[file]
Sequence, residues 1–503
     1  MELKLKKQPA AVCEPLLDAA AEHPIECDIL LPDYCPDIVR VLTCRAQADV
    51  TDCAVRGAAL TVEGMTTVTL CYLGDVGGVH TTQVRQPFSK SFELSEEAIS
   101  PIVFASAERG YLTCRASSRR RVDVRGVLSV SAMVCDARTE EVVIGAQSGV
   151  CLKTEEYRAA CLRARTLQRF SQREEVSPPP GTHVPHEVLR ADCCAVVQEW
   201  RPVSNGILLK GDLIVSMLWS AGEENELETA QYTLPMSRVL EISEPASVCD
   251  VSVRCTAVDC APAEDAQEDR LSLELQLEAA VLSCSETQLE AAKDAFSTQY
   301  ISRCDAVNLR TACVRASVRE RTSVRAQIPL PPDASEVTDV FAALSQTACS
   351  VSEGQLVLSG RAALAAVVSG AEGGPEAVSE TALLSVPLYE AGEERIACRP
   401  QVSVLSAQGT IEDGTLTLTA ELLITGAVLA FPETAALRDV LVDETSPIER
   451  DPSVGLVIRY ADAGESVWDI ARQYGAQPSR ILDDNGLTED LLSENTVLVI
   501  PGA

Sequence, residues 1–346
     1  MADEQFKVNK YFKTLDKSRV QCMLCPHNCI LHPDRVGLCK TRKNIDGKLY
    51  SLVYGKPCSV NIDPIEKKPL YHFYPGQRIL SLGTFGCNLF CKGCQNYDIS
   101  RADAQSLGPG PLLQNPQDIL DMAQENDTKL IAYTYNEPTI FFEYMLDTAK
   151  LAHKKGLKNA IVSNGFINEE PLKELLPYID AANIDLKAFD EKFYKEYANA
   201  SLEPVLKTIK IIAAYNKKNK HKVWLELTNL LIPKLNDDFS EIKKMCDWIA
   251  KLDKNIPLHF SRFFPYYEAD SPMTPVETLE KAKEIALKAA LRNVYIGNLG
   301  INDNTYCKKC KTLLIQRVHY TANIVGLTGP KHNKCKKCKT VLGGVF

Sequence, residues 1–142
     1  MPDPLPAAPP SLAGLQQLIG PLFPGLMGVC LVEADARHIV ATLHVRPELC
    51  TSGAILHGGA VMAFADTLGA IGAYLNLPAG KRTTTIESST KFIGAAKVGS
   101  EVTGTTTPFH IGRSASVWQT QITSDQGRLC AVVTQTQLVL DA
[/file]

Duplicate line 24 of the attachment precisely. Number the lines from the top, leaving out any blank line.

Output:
   101  EVTGTTTPFH IGRSASVWQT QITSDQGRLC AVVTQTQLVL DA